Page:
As part of her Master of Science in Finance research, University of Saskatchewan (USask) Edwards School of Business graduate student Qiongfang (Joan) Lu decided to investigate the realities of obtaining financing for developing countries to support their growth – particularly in the vast landscape of Africa.
“Poor infrastructure conditions have impeded Africa’s development for decades, as many practical difficulties exist in implementing infrastructure projects,” said Lu. “Driven by my two-year living experience in Africa during the COVID-19 pandemic, I felt the urge to research something about African infrastructure, because I strongly believe this is truly the bottleneck to unlocking Africa’s enormous potential.”
Africa is rich with potential. Its population of youth and young adults will grow to the largest workforce in the world over the next decade. Along with this increase in labour availability, up to 60 per cent of Africa’s farmable land is currently uncultivated, and natural resources, such as an abundance of minerals, have been largely untapped.
Regardless of this potential, Lu said that, according to the World Bank, “the infrastructure funding for Africa is only about ten per cent compared to other emerging markets.”
Countries obtain funding in two major ways – through debt or equity. A debt issuer may offer money or support to a foreign company in exchange for a promise of repayment. An equity investor may purchase a portion of a company that is starting operations in a foreign country.
“By using panel data from 35 African countries over 17 years, we find that an African country with better infrastructure development is more likely to attract investors, both debt issuers and equity investors,” said Lu, who conducted the study under the supervision of professor and international business expert Dr. Craig Wilson (PhD).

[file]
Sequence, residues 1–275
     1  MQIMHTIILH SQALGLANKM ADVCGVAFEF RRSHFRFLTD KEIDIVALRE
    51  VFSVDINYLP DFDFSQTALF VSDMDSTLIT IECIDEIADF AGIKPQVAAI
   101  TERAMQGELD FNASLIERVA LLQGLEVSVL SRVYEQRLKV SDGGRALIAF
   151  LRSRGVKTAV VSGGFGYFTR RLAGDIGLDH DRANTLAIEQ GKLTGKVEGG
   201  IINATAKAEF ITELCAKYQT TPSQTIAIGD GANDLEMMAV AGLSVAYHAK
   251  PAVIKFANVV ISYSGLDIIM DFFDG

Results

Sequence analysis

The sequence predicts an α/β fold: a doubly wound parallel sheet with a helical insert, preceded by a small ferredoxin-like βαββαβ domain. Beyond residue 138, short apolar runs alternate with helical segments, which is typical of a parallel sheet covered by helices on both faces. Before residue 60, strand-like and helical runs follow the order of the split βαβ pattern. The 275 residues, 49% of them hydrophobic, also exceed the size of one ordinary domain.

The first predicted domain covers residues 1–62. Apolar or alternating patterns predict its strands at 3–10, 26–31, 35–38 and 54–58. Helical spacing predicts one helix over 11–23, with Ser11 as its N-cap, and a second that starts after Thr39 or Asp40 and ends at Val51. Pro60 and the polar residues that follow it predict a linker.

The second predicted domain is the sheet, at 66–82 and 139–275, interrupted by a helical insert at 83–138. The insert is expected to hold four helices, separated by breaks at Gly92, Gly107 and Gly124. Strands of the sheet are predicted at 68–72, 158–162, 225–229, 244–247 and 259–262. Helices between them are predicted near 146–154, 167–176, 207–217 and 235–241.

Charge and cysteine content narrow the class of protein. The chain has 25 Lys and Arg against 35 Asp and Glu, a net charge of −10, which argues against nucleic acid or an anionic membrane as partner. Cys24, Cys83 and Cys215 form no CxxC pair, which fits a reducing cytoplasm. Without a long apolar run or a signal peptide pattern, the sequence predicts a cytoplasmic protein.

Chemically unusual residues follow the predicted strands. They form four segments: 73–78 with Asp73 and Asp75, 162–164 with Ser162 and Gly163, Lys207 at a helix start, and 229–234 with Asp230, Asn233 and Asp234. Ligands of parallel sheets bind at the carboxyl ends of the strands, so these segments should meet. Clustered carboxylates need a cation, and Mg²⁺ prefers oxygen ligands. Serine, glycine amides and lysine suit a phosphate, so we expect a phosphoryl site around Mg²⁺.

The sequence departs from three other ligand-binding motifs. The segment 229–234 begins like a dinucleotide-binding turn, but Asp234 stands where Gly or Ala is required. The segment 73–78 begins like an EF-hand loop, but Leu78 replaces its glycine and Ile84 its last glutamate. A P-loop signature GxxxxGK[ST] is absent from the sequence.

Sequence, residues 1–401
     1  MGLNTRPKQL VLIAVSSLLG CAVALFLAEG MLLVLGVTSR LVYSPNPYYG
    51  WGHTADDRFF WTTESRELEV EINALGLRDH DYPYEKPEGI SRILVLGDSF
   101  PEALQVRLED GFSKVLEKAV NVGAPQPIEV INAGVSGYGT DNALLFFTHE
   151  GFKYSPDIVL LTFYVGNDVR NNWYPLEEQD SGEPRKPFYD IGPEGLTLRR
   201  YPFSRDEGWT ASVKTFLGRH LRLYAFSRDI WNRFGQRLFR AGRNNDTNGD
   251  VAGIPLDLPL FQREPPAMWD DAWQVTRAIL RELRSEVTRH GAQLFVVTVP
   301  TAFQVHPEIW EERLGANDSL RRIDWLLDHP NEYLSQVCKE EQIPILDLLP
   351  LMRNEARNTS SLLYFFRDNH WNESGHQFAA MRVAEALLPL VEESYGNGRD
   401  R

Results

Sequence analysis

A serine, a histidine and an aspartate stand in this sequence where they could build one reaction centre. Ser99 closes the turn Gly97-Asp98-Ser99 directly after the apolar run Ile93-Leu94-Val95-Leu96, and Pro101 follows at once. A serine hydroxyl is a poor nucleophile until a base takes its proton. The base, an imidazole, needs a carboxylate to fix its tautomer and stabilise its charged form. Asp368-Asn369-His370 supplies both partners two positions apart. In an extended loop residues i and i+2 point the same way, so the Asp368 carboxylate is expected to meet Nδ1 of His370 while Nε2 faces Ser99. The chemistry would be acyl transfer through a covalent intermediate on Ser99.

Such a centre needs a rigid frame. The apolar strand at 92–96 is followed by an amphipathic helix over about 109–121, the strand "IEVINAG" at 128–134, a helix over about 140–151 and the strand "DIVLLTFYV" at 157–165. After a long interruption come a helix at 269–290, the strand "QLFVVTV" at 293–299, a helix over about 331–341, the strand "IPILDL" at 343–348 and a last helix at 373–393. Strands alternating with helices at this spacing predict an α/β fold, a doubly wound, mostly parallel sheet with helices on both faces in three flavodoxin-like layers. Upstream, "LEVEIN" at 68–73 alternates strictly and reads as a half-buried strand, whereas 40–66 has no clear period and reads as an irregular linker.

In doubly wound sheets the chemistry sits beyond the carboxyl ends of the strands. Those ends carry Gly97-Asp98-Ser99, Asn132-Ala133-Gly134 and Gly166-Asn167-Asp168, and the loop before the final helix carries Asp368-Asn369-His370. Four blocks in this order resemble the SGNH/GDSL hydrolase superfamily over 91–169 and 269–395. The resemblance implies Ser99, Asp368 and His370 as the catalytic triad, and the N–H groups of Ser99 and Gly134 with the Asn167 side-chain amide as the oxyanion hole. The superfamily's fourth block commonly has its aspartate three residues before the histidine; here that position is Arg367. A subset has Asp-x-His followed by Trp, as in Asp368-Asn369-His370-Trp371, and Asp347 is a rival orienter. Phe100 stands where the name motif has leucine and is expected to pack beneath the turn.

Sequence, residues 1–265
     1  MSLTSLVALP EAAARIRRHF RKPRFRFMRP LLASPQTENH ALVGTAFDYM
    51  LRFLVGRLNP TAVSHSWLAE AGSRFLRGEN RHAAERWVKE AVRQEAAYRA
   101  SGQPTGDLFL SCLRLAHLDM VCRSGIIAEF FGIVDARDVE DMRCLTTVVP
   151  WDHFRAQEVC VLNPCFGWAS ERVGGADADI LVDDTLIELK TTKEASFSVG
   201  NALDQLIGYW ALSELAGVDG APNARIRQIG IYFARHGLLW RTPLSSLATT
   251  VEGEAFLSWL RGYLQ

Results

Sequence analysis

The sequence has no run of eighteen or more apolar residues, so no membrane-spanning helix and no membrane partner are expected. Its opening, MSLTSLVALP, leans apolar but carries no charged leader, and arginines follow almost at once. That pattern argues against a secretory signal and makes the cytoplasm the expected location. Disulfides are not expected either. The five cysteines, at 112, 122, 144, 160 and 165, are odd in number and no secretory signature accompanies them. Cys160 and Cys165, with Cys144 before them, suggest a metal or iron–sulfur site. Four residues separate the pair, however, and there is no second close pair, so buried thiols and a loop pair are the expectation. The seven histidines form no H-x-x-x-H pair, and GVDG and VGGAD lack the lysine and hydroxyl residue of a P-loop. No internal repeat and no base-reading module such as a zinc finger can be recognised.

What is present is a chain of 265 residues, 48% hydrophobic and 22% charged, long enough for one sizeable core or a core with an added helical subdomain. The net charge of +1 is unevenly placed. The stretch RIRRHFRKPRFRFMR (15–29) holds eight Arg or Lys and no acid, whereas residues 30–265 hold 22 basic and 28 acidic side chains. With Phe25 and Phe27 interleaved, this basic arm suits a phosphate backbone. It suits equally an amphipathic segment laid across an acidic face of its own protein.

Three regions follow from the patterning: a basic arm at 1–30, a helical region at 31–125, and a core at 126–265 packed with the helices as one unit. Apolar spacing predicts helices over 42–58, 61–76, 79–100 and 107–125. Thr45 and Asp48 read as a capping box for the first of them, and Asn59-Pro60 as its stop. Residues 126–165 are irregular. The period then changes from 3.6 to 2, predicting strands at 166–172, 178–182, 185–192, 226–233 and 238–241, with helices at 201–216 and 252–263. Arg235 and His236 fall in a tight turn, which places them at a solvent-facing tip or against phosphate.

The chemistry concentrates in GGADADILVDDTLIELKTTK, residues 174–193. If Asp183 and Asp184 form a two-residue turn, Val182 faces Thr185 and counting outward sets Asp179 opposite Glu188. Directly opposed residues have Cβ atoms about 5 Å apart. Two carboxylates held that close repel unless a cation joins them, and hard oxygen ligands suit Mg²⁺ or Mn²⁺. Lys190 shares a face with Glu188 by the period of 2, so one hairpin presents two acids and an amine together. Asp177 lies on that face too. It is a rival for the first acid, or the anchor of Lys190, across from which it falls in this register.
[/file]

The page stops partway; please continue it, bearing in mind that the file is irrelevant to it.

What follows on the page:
Findings show that developing countries tended to attract more equity investment than debt investment.
“The fact that equity investors show higher participation in less developed African countries might be a bit surprising for some,” said Lu.
According to Lu, despite investment in African countries often being perceived as risky, its infrastructure projects typically bring much higher returns and lower default risks than those of other regions in the world.
“It is important to advocate our findings to professionals in the financial industry to increase their awareness of infrastructure investment opportunities in Africa,” said Lu. “It is worth highlighting that policymakers should find ways to encourage more equity investors to consider investing in less developed African countries because our findings show they are more willing to explore such opportunities; therefore, allocating more resources to equity investors is likely to yield better policy outcomes.”
The academic paper written with these findings has been presented twice at The Cross Country Perspectives in Finance Symposium and has been submitted to the Journal of International Financial Markets, Institutions, and Money for potential publication.
Lu said one of the biggest lessons she has learned throughout the project is how concepts like corporate finance can be viewed through a humanistic lens.
“My biggest motivation in research is to look for ways to utilize finance as a tool for making the world more sustainable and more equal to all humankind,” she said. “I believe finance is not an isolated field. It is connected to the values and perceptions of people.”
Lu plans to continue the work as she pursues her PhD in finance and expects to graduate in 2026. Funding for the study was provided by the Edwards School of Business Research Fund.
This article first ran as part of the 2023 Young Innovators series, an initiative of the USask Research Profile and Impact office in partnership with the Saskatoon StarPhoenix.